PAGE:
People with Type 1 diabetes could soon be saying goodbye to sticking their fingers to check blood sugar levels. This news comes from a study among children with Type 1 diabetes conducted by the University of Virginia, that tested how well an artificial pancreas developed by the school performed at managing insulin and glucose levels against the patient’s home routine. The platform, which is controlled using a smartphone, uses algorithms that wirelessly link to a blood-sugar monitor and insulin pump worn by the patient, as well as to a remote-monitoring site. The children using the device averaged more time within the target blood-sugar range without an increase in hypoglycemia than those without. Also, probably no need to worry about getting kids to check their phones.
A secret team at Apple, made up of around 30 tech and biomedical experts, is working on a program that would use the Apple Watch as a sensor “that can noninvasively and continuously monitor blood sugar levels to better treat diabetes,” according to three bean-spillers close to the project. This was envisioned by Apple co-founder Steve Jobs prior to his death. The project has been ongoing for at least five years, and is reportedly run now by Apple’s SVP of hardware technologies, Johny Srouji. How would something like this work? Good question. According to a CNBC article, the program would “[shine] a light through the skin to measure indications of glucose.” It’s like something Q would create – for a diabetic 007.
Alexa could be preparing to handle that question and many more from people with diabetes following a partnership between Merck and Amazon Web Services. The two companies will work alongside Luminary Labs to run a challenge focused on using Amazon Echo’s voice-enabled software to assist those with diabetes, with the long-term hope of expanding to other chronic illnesses. The Echo, which is set to sell around 110 million devices over the next four years, may have utility in the future that’s beyond playing your favorite song or telling you the weather. With the help of developers, it could morph into a tool used to remind people of their nutrition plans or schedule their upcoming insulin dosages.
Cancer…the c-word is cancer. Grail, a Silicon Valley startup, is developing a blood test similar to a liquid biopsy that works proactively to spot cancer. According to Business Insider, the goal is to “identify the tiny bits of cancer DNA that are hanging out in our blood but are now undetectable.” A test like that will take time, massive clinical trials and, of course, money. Lucky for them, Grail just raised more than $900M in funding from big names like Johnson & Johnson Innovation, Bristol-Myers Squibb, Celgene, McKesson Ventures, Merck, Tencent Holdings Limited, Varian Medical Systems, and even Amazon. Who knows, maybe Prime members can get test results delivered to their front door in less than two business days.
People in the US are living longer (and elsewhere, too, surely). Healthcare spending in the US is expected to increase from 5.5% of the economy today to almost 9% by 2046. But why? With most healthcare spending occurring in the last five years of life, that spending is fixed, and an increasing life expectancy should just push that spending out a few years. Several studies suggest that technology is a major cause of healthcare spending increases, accounting for as much as one-third to two-thirds of the increase. And technology, while good, is expensive. Just ask someone with a heart condition or ask a premature baby how technology helped them. They can answer because they’re still alive. That’s right. Our premature baby talks. So?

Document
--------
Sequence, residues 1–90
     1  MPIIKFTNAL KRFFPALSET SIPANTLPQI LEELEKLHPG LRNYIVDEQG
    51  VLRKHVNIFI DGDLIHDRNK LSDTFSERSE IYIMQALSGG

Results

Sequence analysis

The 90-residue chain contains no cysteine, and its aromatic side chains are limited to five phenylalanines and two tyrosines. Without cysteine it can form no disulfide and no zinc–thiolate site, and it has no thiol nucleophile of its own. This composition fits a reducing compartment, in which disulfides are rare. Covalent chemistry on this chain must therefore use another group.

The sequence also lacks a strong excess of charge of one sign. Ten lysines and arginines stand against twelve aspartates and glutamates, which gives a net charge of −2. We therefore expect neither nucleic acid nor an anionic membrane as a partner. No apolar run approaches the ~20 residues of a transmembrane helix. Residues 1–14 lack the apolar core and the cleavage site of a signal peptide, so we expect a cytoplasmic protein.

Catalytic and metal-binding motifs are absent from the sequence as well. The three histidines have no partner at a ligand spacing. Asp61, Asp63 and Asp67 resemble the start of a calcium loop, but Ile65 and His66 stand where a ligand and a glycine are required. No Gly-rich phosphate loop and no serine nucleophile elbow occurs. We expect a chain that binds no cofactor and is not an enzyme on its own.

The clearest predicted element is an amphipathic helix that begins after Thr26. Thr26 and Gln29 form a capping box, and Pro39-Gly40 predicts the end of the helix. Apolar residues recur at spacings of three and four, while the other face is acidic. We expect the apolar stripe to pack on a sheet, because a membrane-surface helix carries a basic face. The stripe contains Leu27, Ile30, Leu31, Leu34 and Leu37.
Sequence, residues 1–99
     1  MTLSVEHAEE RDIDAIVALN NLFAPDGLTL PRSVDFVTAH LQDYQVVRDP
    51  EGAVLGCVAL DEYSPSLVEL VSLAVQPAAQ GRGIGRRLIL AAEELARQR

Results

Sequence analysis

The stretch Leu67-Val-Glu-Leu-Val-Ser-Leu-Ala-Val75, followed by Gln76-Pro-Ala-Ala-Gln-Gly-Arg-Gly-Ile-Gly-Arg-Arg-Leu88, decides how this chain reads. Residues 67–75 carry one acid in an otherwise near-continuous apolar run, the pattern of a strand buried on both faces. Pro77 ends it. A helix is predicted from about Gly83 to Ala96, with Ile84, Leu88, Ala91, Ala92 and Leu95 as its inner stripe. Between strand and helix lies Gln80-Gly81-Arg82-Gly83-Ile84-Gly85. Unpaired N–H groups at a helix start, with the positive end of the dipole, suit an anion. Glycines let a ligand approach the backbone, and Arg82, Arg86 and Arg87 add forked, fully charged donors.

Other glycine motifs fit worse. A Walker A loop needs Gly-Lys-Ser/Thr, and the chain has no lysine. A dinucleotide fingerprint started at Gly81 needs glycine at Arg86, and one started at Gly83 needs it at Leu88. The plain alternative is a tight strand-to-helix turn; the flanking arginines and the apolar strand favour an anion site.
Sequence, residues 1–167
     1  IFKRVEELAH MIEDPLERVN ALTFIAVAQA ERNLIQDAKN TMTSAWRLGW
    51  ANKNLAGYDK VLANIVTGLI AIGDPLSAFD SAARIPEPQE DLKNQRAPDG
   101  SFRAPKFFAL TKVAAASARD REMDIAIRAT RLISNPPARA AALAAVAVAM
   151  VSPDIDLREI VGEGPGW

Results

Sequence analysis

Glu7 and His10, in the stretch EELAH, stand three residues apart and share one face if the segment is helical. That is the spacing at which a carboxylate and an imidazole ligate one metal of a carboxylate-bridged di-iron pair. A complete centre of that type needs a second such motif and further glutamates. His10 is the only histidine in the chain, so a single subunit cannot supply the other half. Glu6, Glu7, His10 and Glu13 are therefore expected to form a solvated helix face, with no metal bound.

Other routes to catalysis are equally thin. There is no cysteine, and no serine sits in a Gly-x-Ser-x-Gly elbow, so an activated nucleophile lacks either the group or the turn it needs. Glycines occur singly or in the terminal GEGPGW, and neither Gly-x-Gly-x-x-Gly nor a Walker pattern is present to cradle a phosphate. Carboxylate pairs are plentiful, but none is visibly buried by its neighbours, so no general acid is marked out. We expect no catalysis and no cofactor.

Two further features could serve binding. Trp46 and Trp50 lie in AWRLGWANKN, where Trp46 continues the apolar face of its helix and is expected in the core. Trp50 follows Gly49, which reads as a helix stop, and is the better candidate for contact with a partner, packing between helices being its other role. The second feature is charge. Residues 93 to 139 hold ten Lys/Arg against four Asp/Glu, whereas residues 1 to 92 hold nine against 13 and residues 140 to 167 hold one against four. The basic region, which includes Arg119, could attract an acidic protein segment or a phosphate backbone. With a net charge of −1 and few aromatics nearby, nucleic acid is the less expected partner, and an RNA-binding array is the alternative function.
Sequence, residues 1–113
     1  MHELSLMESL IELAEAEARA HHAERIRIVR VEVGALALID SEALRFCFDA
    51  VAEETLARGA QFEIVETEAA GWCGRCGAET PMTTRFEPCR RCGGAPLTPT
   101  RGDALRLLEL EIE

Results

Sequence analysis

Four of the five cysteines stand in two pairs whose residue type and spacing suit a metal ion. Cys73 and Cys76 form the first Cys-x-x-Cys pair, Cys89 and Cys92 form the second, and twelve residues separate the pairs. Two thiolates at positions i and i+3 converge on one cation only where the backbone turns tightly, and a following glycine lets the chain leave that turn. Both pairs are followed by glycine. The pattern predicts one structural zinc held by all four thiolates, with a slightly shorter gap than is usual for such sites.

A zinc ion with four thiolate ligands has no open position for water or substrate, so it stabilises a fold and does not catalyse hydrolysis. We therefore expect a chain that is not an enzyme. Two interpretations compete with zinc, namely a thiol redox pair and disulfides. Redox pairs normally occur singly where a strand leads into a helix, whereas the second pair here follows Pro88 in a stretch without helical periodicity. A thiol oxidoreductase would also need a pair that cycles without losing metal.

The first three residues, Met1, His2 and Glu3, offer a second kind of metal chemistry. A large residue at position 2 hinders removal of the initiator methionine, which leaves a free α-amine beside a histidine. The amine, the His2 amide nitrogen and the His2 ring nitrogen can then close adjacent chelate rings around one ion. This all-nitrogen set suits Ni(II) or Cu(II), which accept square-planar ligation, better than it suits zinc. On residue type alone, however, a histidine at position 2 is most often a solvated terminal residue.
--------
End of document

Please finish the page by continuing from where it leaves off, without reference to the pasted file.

Patient portals, wearables, and mHealth apps–terms straight out of a sci-fi flick are becoming part of daily life. While companies want to improve the health and access to information for patients, these products may be facing a bit of a learning curve. The issue? Health literacy. A study from UT Austin discovered nearly half of Americans are skeptical of health information technology (HIT). Patients with low health literacy were less likely to perceive HIT tools as intuitive and helpful. They also described the information they shared as private, whereas those with high health literacy demonstrated the opposite. It’s imperative that HIT providers adapt the perception of this technology, lest they miss out on 150 million people saying “whatchu talkin’ ‘bout, Fitbit?”
Sanofi and Verily (Google Life Sciences) are the latest pharma/tech partnership in what’s being called the “Internet of Medical Things” (IoMT). Their joint venture, Onduo, will combine Sanofi’s experience in diabetes treatment with Verily’s reputation for consumer software, analytics, and miniature electronics. The IoMT market was $32.4 billion in 2015, but is projected to reach $163.2 billion by 2020. Other pharma/tech partnerships include: Pfizer and IBM teaming up to collect data from Parkinson’s patients, Novartis and Qualcomm collaborating on biometrics, and a host of other joint ventures related to smart pill bottles, smart inhalers, etc. The first Onduo products (TBD on specifics) are expected to launch in 2018.